The boys grew together, and they grew up outsmarting each other. The older boy became a skillful hunter; the younger stayed at home, being the quiet sort, and trained to become a good cook. Just here you could say the skill of one could complement the other: “You do the hunting, I’ll do the cooking!” It did not. The older was the father’s favorite; who would think that with venison you could find your way into your father’s heart? But he did. And the younger became the apple of his mother’s eye.

The younger boy is actually one of the most important characters. You may not be attracted to him after seeing the worst side of him. He was not just a supplanter, a grabber, he was also a deceiver, “the man who drove a hard sharp bargain at the expense of his own brother, taking advantage of the older brother’s weakness to gratify his covetousness.”

I understand that the older brother did not offer to sell his birthright; he asked of his brother a kindness, to satisfy his hunger. It was the younger brother’s chance to play the part of the sympathetic twin; he did not, instead he took the opportunity to seize what was not his. The older brother was willing to barter the most important of all to escape a temporary discomfiture. “When a man is dying of starvation,” he said, “what good is his birthright?” By his shortsightedness he allowed himself to be defrauded. In the language of one preacher, “He traded eternity for a bowl of soup.”

One despicable act led to another. And to secure the blessing of the father who was almost blind, the younger brother got the help of an equally deceitful mother. “Your hairy skin tells me you’re my favorite son, but your voice tells me you’re not.” The physical can be deceiving. Anyway, he asked that his favorite steak be brought in. And the grabber got what he wanted.

If you read the narrative, many years later his sins came to haunt him. In the parlance of Robert Southey, the writer, “The chickens came home to roost.” He too was cheated of his wages, of his first option to marry the woman he loved, of his shares as a tenant in the ranch farm his father-in-law owned. He reaped what he had sown.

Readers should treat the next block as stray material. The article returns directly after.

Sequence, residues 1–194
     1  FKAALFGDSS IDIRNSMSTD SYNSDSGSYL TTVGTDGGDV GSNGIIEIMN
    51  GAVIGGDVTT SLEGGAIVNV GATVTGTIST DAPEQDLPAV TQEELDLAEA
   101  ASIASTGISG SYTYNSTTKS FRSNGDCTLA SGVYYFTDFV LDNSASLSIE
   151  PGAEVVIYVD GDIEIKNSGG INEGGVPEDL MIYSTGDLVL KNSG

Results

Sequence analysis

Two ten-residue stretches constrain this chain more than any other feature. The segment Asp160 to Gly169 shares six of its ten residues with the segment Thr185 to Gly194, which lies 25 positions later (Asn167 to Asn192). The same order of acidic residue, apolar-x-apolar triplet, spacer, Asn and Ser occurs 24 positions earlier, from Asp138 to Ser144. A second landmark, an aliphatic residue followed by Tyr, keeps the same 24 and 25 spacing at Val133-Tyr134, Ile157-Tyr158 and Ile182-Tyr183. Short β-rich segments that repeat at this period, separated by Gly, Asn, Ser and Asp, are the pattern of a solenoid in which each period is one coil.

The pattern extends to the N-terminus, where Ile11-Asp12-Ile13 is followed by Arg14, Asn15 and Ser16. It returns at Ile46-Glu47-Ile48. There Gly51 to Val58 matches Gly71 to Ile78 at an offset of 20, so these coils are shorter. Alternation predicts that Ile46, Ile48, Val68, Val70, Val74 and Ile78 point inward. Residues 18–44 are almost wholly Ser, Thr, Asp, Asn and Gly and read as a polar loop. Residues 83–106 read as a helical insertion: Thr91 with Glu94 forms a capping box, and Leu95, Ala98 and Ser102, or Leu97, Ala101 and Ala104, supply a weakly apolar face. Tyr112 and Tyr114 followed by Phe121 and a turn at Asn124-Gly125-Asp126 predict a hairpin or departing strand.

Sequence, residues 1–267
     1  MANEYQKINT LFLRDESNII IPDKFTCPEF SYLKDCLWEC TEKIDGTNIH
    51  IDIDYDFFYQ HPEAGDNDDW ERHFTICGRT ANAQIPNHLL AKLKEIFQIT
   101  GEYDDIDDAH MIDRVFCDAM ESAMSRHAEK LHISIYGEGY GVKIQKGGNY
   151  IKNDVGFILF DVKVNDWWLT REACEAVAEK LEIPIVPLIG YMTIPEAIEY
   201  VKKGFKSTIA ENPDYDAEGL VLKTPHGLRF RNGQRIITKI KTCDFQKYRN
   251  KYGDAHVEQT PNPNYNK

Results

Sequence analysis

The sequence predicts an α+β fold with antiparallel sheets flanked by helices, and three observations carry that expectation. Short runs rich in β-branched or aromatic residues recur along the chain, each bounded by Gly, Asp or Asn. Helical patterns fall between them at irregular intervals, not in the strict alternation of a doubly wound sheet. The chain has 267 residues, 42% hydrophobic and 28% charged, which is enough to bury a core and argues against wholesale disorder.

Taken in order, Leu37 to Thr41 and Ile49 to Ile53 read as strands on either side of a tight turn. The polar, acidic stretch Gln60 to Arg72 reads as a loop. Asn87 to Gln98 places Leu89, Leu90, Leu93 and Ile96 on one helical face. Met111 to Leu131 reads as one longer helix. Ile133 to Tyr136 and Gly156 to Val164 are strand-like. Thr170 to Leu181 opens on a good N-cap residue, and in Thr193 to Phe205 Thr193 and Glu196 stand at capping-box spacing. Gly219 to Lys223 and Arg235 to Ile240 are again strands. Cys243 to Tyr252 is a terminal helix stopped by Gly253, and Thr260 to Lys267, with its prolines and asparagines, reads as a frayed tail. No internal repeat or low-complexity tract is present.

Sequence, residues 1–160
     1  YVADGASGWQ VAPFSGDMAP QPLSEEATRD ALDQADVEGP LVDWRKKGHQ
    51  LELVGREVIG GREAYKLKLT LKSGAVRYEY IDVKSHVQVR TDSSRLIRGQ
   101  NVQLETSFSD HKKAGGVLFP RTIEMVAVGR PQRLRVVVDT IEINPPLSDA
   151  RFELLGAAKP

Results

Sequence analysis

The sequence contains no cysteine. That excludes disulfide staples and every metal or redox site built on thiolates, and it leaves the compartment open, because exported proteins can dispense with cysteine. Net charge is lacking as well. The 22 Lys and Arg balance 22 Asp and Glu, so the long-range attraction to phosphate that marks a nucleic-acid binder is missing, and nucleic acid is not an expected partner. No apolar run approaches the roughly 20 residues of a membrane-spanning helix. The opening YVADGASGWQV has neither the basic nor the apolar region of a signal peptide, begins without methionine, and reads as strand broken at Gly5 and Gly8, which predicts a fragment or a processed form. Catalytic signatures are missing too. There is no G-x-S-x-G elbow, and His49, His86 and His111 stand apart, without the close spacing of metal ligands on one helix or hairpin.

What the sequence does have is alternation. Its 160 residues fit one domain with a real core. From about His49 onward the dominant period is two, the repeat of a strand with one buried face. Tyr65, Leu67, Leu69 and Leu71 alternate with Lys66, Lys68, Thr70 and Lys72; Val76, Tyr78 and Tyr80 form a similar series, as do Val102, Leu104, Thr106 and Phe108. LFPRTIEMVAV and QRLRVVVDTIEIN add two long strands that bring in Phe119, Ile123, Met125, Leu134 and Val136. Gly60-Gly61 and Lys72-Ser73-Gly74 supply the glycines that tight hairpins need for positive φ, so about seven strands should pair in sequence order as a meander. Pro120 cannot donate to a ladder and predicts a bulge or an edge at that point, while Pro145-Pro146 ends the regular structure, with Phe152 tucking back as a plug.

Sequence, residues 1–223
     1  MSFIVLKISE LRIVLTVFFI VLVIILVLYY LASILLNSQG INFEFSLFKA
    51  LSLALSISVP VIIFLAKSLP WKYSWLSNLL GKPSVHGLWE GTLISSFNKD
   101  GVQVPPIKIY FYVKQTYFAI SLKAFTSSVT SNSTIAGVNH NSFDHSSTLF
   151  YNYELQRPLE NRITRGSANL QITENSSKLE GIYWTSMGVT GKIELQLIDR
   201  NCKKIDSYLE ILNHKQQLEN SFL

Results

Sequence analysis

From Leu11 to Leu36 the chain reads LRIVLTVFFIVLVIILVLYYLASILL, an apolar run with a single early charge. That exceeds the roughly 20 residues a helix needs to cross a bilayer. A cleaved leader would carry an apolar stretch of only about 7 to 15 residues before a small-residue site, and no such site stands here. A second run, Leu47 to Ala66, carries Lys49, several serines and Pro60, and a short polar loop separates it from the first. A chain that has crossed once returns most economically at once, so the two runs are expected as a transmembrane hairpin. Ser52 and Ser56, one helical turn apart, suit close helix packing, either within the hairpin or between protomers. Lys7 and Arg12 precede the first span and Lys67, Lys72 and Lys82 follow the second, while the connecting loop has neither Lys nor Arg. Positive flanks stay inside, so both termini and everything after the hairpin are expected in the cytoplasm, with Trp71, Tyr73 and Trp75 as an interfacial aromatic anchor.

Well, some may discredit the younger boy for his smallness and meanness, but we must appreciate the true and the strong about him, his foresight, his appreciation of what the birthright could bring, and his fine sense of values. The Bible values these as most important.

Two brothers, two siblings. While they lived under one roof, they also grew up separately. They were just two in the family, but it looked like their home became too crowded with them. But under that circumstance, the motherly advice worked best: Separate, you guys, or I will die early.

Years later the twins met in a tearful reunion, each one forgetting each other’s hurts and pains.

Either Jacob or Esau could be like some of us. Members of the one family of God, the church. Spiritual siblings who don’t like each other and seem to be always at each other’s throats. My advice to these brethren: Grow up separately. Learn to forget the past. Overlook the faults. Bloom in the place where the Lord has planted you. Someday, when circumstances are good, your paths might cross, and you might learn to like each other again. Prepare for life hereafter. As my grandson Jacob, 7 years old, would often say when asked: “There are no people fighting up there.”